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Chivalry And Feminism

I’m afraid I’ve been thinking.  A dangerous past-time.  (Shout out to Lefou and Gaston. And Belle.  Because feminism.)

Yep.  Been thinking about feminism.  Been thinking about how there’s something really awesome about being taken care of, being paid for, being loved.  And sometimes feminism neglects that.  I actually think it’s a real problem, this woman-can-so-she-must mentality.  Stereotypically, we get thinking that we can do stuff and so we should do stuff… you know, like make the fancy meals every single day and dress so cute and have kids that behave all the time and vacuum the carpets and turn the mattresses and curl the eyelash hairs.  In our rush to perform, we’re forgetting the magic that comes from being alive.

I’m bugged because we keep saying that we can.  So we do.  And we never stopped to consider the why.  We rush to meet the needs that we perceive, but are they important? Is sacrificing peace for punctuality a good trade? Is power struggling through bedtime a worthy cause?  Dunno.  Truly I don’t.

Here’s what I do know.  Kids and families need love and eyeballs.  Friends need time.  Husbands need energy.  And we all need to breathe. Often in my circles (though not always, which is also fine), women are at home raising their children.  Cool.  But we’ve somehow come up with a rat race all our own — appearing to be effortless Barbies.  So we’re doing a stressed-out.  The pace is kind of intense.

Once upon my life, my husband couldn’t get out of bed for months.  I started spinning inside my head, stressing and worrying and feeling despair and regret and fear.  I had legit reasons to feel all those things.  Although, eventually I realized that all I really had control over was my anxiety.  I could (and can) choose to do a stressed-out, or I could (and can) choose to do a faith and deep-breath.  Choosing to chill, to accept enough, is my new life mission.  It’s about the hardest thing I’ve ever considered!!!!!!!  And surprisingly, my health and my husband’s health really responds to accepting enough.  Also surprisingly, enough is completely out of my control.  I have to trust that actually God WILL show up, and actually does count the sparrows, and actually means it when He gives counsel to “take no thought for the morrow” (Matthew 6:34).  The biggest surprise of all is that SO MANY AMAZING people showed up to help us out, and I’ve never felt more loved, more enough, than when I could do so little.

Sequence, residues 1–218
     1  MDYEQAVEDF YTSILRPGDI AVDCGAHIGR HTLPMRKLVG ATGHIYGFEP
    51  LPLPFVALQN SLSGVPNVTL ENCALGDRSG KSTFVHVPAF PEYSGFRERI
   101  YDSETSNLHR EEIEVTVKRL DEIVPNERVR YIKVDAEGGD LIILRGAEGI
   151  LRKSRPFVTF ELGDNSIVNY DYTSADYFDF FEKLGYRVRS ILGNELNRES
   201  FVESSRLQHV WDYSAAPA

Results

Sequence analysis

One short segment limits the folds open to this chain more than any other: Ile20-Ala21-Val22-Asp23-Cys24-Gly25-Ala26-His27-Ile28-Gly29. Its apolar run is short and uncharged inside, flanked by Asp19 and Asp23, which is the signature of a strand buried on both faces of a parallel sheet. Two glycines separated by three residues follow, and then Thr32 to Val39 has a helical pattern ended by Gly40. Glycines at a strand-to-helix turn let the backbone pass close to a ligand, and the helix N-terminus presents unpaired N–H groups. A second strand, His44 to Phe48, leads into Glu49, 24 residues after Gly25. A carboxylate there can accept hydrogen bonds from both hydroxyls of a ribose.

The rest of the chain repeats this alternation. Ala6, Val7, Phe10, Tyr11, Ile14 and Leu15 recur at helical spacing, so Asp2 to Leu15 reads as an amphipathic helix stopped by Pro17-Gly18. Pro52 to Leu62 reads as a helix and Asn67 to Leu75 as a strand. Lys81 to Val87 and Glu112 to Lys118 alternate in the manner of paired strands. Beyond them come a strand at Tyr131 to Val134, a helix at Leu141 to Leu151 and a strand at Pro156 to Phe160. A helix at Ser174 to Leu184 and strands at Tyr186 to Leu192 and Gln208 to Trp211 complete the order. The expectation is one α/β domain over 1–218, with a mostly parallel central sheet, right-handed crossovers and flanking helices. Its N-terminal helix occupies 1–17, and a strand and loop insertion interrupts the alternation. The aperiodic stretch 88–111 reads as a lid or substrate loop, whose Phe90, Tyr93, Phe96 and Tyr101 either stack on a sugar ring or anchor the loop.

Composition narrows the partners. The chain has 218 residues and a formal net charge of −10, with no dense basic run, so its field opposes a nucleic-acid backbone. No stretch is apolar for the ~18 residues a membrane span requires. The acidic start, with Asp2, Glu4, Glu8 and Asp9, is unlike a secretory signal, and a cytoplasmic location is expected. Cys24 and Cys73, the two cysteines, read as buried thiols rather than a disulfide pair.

I’m still thinking about it.

This ties into chivalry because when we don’t feel like WE ARE ENOUGH as women, we try to prove it by being fiercely independent and stiff arming every man (and sometimes woman, and often God) we see, including those we care about (or who are trying to show their care for us).  We all like being useful engines, making a difference to our families and communities, and having stiff-collared (not a real saying, but you get my imagery right?!) reasons to get up each morning. But the reality is that we’re often running around in circles chasing our tails for the “I’m useful” crusade.  Here’s the newsflash that’s so often annoying: nothing matters if we forget God and others.  NOTHING. (Matthew 22:36-40) There’s something to hmmmm about eh?

So I’m definitely learning that instead of focusing on how I will be useful (and therefore enough in my off-kilter mindset of yesteryear), I have the choice to consider focusing on how to make others feel like enough.  Perhaps that looks like accepting the bent knee of proposal (a man essentially saying that his girl is worth discomfort and sacrifice and reverence), letting go of puppy guarding the 24/7 perfectly organized pantry gold medal (thereby letting others live in my space, telling them that their perhaps messy existence is worth love), or allowing my kid to play outside with disheveled hair (but what will others think?) and not even worrying about it.

That’s what I’ve been thinking about.  Wish I was better at it, but I’m excited to ponder and let it sink in…. that actually, I’m enough, I’m safe.

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